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Philadelphia Flower Show 2005

A number of years ago I found myself at the preview party for the New York Flower Show at one of the piers on the West Side. I regarded the proceedings with some disdain, because compared to Philadelphia's Flower Show, the Big Apple's Spring festival was a wan and pitiful thing that needed water and fertilizer stat. I swelled with hometown pride with the knowledge that at least one thing was better in Philadelphia than New York. If we here in the Quaker City take the Flower Show for granted, we shouldn't—it is special.

We went on a Monday morning this year in a continuing quest to find a time when crowds would be at a minimum. The show seemed just as crowded then as any other time. Maybe next year we'll try going in the afternoon. Except for the crowds, it was a perfect day. For one thing, the weather was glorious; the high was 70 degrees! (It snowed the next day. Go figure.)

The theme this year was “America the Beautiful,” but I didn't see as much evidence of exhibitors sticking to the theme as usual. We gawked for a while, paying special attention to window boxes and porch treatments, and then headed out to lunch. I suggested a cozy pub I glimpsed when we were looking for parking, but it turned out to be just another entrance to the Independence Brew Pub where we've eaten many times, so we ventured into Reading Terminal Market. The Market, which is always busy, becomes a seething mass of humanity at lunch time. We edged our way through the throng and queued up at DiNic's for sandwiches; I love their stuff. Anne had roast beef with cheese, and I had Italian sausage wrapped in collards. Scrumptious!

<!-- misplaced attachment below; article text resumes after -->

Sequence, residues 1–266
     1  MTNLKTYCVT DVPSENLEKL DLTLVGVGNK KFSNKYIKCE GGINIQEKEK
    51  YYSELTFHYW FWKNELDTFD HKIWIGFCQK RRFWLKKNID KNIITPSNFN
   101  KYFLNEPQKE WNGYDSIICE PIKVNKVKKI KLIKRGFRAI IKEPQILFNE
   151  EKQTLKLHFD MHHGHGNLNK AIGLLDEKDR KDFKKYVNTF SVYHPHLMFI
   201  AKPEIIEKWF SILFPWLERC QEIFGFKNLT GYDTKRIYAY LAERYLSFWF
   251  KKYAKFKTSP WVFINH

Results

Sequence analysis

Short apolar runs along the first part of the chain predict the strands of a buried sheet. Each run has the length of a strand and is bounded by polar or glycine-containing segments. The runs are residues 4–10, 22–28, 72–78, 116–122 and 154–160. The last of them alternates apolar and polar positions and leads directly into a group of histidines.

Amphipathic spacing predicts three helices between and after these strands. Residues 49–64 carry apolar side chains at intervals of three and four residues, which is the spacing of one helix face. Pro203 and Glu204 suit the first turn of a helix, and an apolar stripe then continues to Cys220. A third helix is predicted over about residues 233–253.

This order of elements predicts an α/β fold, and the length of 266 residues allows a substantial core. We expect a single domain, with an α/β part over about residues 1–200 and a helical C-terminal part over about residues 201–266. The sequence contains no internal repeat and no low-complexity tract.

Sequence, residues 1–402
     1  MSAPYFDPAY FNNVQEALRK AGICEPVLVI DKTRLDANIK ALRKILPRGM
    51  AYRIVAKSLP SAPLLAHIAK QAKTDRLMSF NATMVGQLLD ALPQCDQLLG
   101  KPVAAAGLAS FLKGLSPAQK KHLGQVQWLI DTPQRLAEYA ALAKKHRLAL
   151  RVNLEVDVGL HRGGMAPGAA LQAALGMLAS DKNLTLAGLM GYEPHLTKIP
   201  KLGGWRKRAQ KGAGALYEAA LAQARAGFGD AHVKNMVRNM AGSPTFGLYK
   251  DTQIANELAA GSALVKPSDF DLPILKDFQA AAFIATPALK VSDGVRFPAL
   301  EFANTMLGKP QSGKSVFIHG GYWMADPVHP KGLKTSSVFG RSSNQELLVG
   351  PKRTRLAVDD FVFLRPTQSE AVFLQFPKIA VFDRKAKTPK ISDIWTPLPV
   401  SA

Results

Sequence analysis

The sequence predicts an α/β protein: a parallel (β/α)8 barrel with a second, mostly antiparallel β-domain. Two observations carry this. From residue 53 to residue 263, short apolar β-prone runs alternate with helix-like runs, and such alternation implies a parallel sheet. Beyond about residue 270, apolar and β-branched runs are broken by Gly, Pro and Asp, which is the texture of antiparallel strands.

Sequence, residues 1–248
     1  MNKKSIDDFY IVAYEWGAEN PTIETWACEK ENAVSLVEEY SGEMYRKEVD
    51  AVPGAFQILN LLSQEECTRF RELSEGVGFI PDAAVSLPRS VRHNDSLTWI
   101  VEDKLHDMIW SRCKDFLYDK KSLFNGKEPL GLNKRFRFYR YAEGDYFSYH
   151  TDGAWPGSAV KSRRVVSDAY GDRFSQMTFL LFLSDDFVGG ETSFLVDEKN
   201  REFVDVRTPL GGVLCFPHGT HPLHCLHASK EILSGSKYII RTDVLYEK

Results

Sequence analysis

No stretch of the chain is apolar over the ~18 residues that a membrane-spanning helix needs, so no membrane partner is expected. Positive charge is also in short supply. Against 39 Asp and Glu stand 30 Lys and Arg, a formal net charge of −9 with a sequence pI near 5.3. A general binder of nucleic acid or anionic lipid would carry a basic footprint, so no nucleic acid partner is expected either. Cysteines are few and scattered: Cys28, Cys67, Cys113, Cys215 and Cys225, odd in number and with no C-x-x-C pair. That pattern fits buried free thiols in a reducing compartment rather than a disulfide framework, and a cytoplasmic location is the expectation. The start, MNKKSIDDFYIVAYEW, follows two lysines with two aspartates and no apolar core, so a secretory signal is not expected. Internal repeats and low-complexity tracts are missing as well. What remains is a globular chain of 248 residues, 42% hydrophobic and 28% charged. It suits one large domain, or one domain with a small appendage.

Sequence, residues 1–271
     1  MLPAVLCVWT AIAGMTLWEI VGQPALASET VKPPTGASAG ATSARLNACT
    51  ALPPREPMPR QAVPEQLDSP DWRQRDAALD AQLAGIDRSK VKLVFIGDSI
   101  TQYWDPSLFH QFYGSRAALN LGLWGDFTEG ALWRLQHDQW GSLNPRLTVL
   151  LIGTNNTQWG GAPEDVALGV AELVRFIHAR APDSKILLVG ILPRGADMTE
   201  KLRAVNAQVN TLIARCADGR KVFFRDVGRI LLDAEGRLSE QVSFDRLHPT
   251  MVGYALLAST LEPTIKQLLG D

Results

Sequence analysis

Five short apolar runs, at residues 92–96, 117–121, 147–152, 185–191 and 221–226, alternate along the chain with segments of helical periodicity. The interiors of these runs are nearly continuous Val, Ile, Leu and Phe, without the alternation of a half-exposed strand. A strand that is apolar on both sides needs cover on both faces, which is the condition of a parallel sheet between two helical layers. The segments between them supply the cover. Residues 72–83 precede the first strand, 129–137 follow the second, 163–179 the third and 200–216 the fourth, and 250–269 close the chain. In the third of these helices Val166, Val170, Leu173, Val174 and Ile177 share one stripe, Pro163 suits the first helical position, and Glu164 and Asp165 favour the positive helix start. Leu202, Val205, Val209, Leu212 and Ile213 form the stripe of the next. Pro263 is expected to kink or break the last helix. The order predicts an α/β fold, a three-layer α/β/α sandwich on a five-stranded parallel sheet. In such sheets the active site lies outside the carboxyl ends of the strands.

We finished up the day back at the show with some selective shopping, picking up a beautiful dried wreath for the guest room. Before leaving, I took a quick tour of an exhibit of photographs of national parks presented by the Department of the Interior. It was a well-edited collection of large (20 x 30) digital prints, and included some of my favorite landscape photographers, among them Ansel Adams and Galen Rowell. The exhibit introduced me to beautiful work by Pat O'Hara and David Meunch as well, and there were a number of others.

This year's show wasn't the most inspired one in memory, but it was certainly inspiring with its abundant and tantalizing visions of a Spring only a few weeks away.

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